6 New Insights Into Consumer Vehicle Preferences

By 
Samantha Oller, Senior Editor/Fuels, CSP

ALEXANDRIA, Va. -- Automaker Tesla's upcoming $35,000 Model 3 car promises a reliable electric vehicle (EV) in a more affordable price range. And given the nearly half a million preorders for the vehicle, it's easy to believe everyone will be driving an EV soon. But a new report by the Fuels Institute finds that consumers may not be ready to embrace alternative-fuel vehicles.

“Consumers and Alternative Fuels 2017,” an analysis based on a February 2017 NACS online survey of 1,100 adult American consumers, demonstrates how much low gasoline prices have shifted consumers’ priorities for their next vehicle purchase. At the same time, it highlights how younger adults may hold the key to the future of EVs, hybrids and other alternative-fuel vehicles.

Here are six insights on consumer vehicle preferences ...

1. New vehicle purchases

how likey are you to purchase a vehicle in the next 2 years chart

After two years of record-breaking vehicle sales, consumers are less likely to be in the market for a new ride. According to the Fuels Institute survey, 61% of consumers said they would potentially buy a new vehicle in the next two years—the lowest percentage since 2013. The percentage of consumers “very likely” to make a purchase was 21%, the lowest point in the past five years.

2. Important attributes

what single attribute is most influential chart

For consumers who said they would be in the market for a vehicle, cost and fuel economy were the biggest considerations in their choice. But when asked to pick the most influential attribute, 43% of consumers chose cost, with fuel economy a distant second. The percentage of consumers picking fuel economy as the most influential attribute has steadily fallen over the years, from 31% in 2014 to 23% in 2017.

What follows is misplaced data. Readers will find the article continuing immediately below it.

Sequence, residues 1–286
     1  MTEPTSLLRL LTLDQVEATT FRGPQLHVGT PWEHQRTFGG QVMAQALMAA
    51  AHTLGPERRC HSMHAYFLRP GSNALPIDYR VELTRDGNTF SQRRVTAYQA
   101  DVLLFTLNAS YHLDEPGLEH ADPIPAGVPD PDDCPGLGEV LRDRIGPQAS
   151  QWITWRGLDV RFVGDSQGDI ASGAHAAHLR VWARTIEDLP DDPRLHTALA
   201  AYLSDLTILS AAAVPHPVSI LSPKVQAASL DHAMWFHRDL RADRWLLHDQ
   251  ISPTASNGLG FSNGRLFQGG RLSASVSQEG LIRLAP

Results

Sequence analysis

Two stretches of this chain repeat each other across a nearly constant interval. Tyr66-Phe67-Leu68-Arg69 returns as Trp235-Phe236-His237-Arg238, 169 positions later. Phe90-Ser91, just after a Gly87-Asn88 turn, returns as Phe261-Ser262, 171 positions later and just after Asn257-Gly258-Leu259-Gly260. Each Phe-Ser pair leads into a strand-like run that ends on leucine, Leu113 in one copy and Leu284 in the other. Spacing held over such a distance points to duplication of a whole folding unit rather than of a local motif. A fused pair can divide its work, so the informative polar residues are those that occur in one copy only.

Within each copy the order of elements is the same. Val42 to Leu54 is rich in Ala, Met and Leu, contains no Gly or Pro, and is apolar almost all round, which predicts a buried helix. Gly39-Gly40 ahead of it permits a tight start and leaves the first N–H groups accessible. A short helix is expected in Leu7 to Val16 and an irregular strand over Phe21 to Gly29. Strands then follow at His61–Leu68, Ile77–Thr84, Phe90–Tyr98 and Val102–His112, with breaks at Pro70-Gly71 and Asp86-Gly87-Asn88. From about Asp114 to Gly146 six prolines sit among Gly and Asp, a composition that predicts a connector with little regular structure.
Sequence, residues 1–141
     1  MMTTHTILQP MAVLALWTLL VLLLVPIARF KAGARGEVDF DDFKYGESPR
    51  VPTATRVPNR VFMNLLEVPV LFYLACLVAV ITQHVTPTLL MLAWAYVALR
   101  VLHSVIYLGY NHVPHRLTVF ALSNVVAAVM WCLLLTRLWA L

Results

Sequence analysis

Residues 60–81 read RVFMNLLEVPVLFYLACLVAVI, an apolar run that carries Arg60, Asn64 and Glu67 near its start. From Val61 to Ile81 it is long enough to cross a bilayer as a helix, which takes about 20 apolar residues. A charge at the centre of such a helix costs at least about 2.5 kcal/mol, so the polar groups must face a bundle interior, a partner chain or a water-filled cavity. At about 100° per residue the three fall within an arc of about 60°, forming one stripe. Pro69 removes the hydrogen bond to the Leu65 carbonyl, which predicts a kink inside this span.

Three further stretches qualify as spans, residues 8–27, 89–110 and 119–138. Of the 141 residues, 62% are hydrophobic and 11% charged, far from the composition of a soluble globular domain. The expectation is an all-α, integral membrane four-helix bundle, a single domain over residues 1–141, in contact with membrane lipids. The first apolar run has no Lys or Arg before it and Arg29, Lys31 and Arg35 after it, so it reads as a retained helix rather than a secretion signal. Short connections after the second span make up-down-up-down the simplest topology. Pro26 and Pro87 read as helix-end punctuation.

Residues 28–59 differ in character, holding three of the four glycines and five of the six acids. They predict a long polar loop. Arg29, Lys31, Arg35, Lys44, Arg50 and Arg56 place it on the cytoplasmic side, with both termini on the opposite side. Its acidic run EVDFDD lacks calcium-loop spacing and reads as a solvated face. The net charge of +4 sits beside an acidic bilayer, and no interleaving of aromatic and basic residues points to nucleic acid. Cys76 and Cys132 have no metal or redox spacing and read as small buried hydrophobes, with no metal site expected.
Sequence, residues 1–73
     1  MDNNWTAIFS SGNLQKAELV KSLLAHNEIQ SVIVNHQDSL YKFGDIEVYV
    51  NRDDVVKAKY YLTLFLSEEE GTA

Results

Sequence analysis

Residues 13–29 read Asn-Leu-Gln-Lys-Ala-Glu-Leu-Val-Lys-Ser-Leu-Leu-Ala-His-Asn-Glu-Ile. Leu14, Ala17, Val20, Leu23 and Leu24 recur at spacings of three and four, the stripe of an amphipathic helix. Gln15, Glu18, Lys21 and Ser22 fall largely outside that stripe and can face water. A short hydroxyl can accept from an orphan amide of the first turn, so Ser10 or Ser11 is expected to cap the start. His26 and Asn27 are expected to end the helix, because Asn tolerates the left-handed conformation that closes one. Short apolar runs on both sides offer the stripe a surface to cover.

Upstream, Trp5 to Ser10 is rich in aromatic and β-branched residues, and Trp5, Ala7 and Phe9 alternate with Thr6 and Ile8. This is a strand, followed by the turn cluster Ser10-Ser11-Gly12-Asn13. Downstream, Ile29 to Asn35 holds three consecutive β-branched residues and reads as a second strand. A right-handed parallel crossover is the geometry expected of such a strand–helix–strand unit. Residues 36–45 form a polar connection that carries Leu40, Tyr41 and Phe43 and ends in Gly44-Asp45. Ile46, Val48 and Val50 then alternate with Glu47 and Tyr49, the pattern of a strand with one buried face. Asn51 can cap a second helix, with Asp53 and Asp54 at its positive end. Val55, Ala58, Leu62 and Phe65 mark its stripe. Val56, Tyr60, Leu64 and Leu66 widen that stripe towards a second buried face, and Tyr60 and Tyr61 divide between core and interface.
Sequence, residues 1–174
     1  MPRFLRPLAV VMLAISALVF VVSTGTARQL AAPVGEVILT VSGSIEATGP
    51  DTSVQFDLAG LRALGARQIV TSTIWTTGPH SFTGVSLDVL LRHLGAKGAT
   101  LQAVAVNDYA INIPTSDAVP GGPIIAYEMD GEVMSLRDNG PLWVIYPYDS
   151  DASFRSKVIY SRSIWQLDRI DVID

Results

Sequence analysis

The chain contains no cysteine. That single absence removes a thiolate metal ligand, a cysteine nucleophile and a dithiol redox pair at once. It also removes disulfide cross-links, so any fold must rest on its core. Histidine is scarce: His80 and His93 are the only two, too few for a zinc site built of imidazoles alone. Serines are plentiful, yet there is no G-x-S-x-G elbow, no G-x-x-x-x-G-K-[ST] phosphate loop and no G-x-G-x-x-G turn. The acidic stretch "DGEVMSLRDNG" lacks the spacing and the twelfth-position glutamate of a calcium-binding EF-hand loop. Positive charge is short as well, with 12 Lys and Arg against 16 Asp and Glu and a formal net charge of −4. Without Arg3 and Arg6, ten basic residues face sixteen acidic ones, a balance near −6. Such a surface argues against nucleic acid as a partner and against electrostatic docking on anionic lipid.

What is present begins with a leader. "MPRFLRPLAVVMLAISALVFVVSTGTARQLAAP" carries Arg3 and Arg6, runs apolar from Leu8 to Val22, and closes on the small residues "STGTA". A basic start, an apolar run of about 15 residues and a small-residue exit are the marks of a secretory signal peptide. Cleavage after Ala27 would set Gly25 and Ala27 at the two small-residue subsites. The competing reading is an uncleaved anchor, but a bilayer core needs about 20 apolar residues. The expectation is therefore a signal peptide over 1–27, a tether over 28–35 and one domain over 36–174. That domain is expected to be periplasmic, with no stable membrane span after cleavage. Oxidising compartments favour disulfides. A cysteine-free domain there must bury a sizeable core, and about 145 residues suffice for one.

3. Fuel prices

gas prices and hybrid sales chart

Low gasoline prices have dampened consumers’ interest in fuel economy and the vehicles for which it is a main selling point: EVs and hybrids. According to the Fuels Institute study, consumers’ willingness to buy a hybrid has dropped from 84% in 2014, when the national gasoline average was $3.64 per gallon, to 48% in 2017, when surveys showed a $2.28-per-gallon average. Interest in all-electric vehicles has fallen from 55% in 2014 to 22% in 2017.

4. Millennials and EVs

vehicle interests by age chart

However, there is an interest disparity among age groups when it comes to EVs. The youngest age group—18- to 34-year-olds—was significantly more interested than older consumers in hybrid and all-electric vehicles. Millennials were more likely to be interested in any vehicle propelled by an alternative fuel, including flex fuel, compressed natural gas, propane and hydrogen fuel cell.

Also, the youngest age group was less likely than older consumers to say fuel economy and cost were important attributes in their next vehicle purchase. The only attributes 18- to 34-year-old consumers ranked higher than older drivers did were technology-focused: Bluetooth/USB connectivity, GPS navigation and a high-quality sound system.

5. EV drivers

how likely would you be to consider an electric vehicle chart

When asked how likely they would be to consider an EV, 18- to 34-year-olds were more likely than older consumers. Only one-third of the youngest adults described themselves as unlikely to consider an EV, compared to 62% of consumers 50 years and older.

The biggest driver for those who are considering an EV is environmental reasons, followed by fuel economy.

For those consumers who would not consider an EV, cost considerations, plus insufficient charging infrastructure and driving range, were the biggest factors.

6. Interest vs. action

As of 2016, EVs made up only 0.45% of light-duty vehicle sales, according to WardsAuto.

John Eichberger, executive director of the Fuels Institute, cited “a strong disconnect between stated consumer interest and actual consumer purchases across all types of alternative fuel vehicles.”

“Consumers’ theoretical interest in non-gasoline-powered vehicles hasn’t yet been reflected in actual sales at dealer lots,” he said in a statement. “But the sustained interest in alternative fuels could result in increased alternative-vehicle sales in the coming years, depending on many variables, including the decisions of policymakers.”

Click here to download the complete Fuels Institute report, “Consumers and Alternative Fuels 2017.”